Tie guessed, too, that for her take
the exorbitant demand would be met.
He swaggered to the door, opened it,
turned and bowed, and went out.
Hastings wiped the sweat from his
brow, lie did not realize ufctil that
moment what supreme restraint he
had placed on himself. He walked
over to the window and flung it
open. For a moment he stood
breathing in the fresh evening air.
Then he came back to Olive.
"I must apologize to you. Miss
Hale, and thank you." he said alow-1
if. "I shall not forget what you base
out for me. I" He broke off.
What could he tay? Violet cared
nothing for him. She had taid that
the hated him.
Olive murmured tomrthing un
intelligible. She wat feeling very
uptet hertelf. She applied a cor
ner of a tcented lace handkerchief
to her eye very gracefully. Unfor
tunately Hatttngt wat not looking at
"There it just one thing I should
like to say," she said with becoming
hesitation, "and that it, if you would
come and see Violet, Mr. Hastiugt.
I am ture the feelt the injustice the
hat done you. 1 am ture that hat
helped to make her ill. Oh, I cannot
tay all I mean, but I should come
and tee her if I were you."
Hasting! did not answer. She
thought he wat offended. She went
on quickly :
"1 hat man promised her she should
have Ronnie back tonight; I prom
ised that the should, too. Oh, what
shall we do' The poor dear little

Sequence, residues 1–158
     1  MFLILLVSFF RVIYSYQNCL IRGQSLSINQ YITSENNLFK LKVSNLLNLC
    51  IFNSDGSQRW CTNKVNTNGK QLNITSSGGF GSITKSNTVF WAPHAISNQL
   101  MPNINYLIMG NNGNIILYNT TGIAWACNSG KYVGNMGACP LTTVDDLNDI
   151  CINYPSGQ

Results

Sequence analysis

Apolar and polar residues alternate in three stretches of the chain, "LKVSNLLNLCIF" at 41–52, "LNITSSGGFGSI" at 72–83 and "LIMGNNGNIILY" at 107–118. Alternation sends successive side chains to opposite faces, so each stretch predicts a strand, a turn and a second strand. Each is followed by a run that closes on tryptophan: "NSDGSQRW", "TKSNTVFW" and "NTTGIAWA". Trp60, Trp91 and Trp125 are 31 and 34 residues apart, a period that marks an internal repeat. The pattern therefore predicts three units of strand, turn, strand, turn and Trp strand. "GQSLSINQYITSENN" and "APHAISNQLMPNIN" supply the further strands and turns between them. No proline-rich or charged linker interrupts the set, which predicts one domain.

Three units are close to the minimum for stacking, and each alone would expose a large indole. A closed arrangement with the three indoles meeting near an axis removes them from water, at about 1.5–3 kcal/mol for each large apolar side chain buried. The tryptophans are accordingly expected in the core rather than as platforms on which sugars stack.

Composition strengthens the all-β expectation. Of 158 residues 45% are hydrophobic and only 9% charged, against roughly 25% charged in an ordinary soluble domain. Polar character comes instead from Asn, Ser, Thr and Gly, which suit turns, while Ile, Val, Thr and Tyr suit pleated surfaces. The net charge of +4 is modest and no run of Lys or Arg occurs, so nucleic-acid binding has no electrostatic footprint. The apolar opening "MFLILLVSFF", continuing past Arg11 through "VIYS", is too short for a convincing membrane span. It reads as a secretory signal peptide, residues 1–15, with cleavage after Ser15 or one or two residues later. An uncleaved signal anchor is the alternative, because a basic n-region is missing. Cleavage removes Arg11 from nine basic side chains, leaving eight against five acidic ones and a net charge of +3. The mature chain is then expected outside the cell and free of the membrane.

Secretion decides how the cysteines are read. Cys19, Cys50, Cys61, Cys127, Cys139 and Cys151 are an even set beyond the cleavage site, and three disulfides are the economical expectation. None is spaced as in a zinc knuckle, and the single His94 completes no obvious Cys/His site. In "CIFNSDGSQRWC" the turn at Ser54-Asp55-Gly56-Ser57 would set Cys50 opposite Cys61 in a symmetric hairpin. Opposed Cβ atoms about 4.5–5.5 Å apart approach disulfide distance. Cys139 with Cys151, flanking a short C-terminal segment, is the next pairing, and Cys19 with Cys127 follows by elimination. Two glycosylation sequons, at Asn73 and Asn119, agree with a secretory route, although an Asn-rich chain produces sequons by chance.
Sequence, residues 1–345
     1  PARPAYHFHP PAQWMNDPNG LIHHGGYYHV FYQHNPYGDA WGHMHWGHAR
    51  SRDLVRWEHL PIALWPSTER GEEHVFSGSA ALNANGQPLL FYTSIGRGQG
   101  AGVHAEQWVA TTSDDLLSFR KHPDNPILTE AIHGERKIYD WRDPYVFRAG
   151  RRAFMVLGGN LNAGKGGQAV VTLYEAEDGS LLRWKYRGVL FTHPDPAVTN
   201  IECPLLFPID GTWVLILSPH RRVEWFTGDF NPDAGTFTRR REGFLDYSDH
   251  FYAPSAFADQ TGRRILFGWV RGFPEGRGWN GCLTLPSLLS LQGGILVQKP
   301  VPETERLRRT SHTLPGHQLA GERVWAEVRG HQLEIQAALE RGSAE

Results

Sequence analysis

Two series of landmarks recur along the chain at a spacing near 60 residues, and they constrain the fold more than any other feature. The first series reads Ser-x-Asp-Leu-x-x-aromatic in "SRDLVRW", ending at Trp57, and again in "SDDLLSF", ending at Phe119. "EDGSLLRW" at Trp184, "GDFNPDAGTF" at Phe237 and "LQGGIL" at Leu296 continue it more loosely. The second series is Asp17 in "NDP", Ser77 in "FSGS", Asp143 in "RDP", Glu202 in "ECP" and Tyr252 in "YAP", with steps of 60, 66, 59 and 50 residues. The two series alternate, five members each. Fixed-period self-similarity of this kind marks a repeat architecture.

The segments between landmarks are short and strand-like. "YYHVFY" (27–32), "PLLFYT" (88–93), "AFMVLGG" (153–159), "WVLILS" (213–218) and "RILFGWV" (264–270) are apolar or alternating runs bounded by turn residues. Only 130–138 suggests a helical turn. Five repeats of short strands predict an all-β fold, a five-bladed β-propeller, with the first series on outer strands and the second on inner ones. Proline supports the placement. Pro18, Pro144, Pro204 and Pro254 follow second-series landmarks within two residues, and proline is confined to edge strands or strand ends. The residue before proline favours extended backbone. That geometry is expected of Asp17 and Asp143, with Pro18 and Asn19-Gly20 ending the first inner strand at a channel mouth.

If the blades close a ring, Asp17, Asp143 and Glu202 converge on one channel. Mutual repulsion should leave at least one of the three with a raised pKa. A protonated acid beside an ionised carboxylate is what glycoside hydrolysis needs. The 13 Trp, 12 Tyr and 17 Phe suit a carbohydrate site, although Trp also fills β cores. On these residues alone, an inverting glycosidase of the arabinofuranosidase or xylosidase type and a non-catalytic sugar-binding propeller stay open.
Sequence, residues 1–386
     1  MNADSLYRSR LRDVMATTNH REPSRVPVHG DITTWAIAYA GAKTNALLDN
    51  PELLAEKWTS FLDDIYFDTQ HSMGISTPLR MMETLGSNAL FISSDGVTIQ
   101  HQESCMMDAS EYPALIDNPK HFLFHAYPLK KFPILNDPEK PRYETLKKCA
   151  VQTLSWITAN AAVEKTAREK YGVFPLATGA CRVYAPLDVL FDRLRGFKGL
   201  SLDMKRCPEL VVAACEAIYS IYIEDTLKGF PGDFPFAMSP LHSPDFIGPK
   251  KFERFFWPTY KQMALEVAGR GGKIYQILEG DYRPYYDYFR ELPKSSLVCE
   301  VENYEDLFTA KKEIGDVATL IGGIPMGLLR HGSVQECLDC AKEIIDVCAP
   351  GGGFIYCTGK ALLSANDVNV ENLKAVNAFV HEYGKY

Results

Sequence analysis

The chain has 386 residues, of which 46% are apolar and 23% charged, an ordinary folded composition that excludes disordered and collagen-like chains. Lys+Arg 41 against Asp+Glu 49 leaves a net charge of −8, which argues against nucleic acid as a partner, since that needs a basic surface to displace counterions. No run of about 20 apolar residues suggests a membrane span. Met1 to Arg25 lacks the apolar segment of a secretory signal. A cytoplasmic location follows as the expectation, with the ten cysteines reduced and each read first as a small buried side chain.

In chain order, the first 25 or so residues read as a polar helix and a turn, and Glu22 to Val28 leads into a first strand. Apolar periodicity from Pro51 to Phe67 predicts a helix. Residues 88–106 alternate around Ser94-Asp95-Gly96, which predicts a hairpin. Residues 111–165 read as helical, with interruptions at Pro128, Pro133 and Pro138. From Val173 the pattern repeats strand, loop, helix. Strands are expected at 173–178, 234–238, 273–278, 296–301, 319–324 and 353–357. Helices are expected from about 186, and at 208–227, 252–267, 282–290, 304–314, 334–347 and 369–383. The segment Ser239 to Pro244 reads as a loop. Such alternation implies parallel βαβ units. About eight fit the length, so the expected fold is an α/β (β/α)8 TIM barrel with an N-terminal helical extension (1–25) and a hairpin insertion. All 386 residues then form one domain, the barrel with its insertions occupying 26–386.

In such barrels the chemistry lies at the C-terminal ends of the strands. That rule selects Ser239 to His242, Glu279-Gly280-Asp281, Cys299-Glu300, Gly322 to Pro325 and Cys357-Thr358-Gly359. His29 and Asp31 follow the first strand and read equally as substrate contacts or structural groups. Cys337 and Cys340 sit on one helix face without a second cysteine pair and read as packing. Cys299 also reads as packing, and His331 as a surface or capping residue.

Hastings hesitated. Then with a
tudden gesture be went over to hit
dctk and took hit check hook from
the drawer. He wrote rapidly. Pres
ently he pushed a check across to
"I know where Sutore lives. If
you will come with me we ou
you could take the boy back to her."
He looked away from her a he
spoke. A sudden fierce jealousy filled
his heart. He hated to think of the
leve Violet lavished on another man's
Olive seized his hand.
"How good you are." she said. She I
really thought he was. She mentally I
I iigured her own check at something
approaching $iK now.
I Hastiugt insisted on her having a
Iglast of wine and some cake. He or
dered hit own car. and drote her to
the dreary flat where Sutore had
An untidy woman opened the door.
She started when she taw Hastiugt.
When he atked for Sutore the ttared
"'K ain't in," the taid.
"No. 'K went out 10 minutes ago
with the little hoy. "E taid they
ihouldn'l be back yet awhile. They
drove away in one of them tail cabs.
Olive gave a little cry. She looked
up at Hastings. In the gray evening
light his face looked white and
"It't my fault," he sid hoarsely.
"My fault, we're too late."
They looked at one another with
blank facet. They were both pale,
Olive with excitement, the man with
far deeper emotion.
The untidy woman eyed them with
a tort of suspicion. Finally she
opened the door a further couple of
inches and atked them to walk in.
Hastings teemed not to hear the
"Can't you tell us where Mr.
Sutore has gone? He must have left
some address, given some directions.
Did you hear what he taid to the cab
"I weren't listening," taid the wo
man sullenly. "Enough trouble I've
had with Mr. Sutore ane way and an
other. All day long he's left me with
that crying boy of his, not but what
he wasn't a nice little fellow in his
way, but mortal afraid ol his father.
Screamed the blessed 'ouse down.
! tlut he did. when he 'eaid lii 'P "
nc an. )
"Hurt be owe ou any money.'
asked Olive quu.kly.
She knew by experience that there
wat no turrr pauport to disfavor
with thit clatt of woman than debt.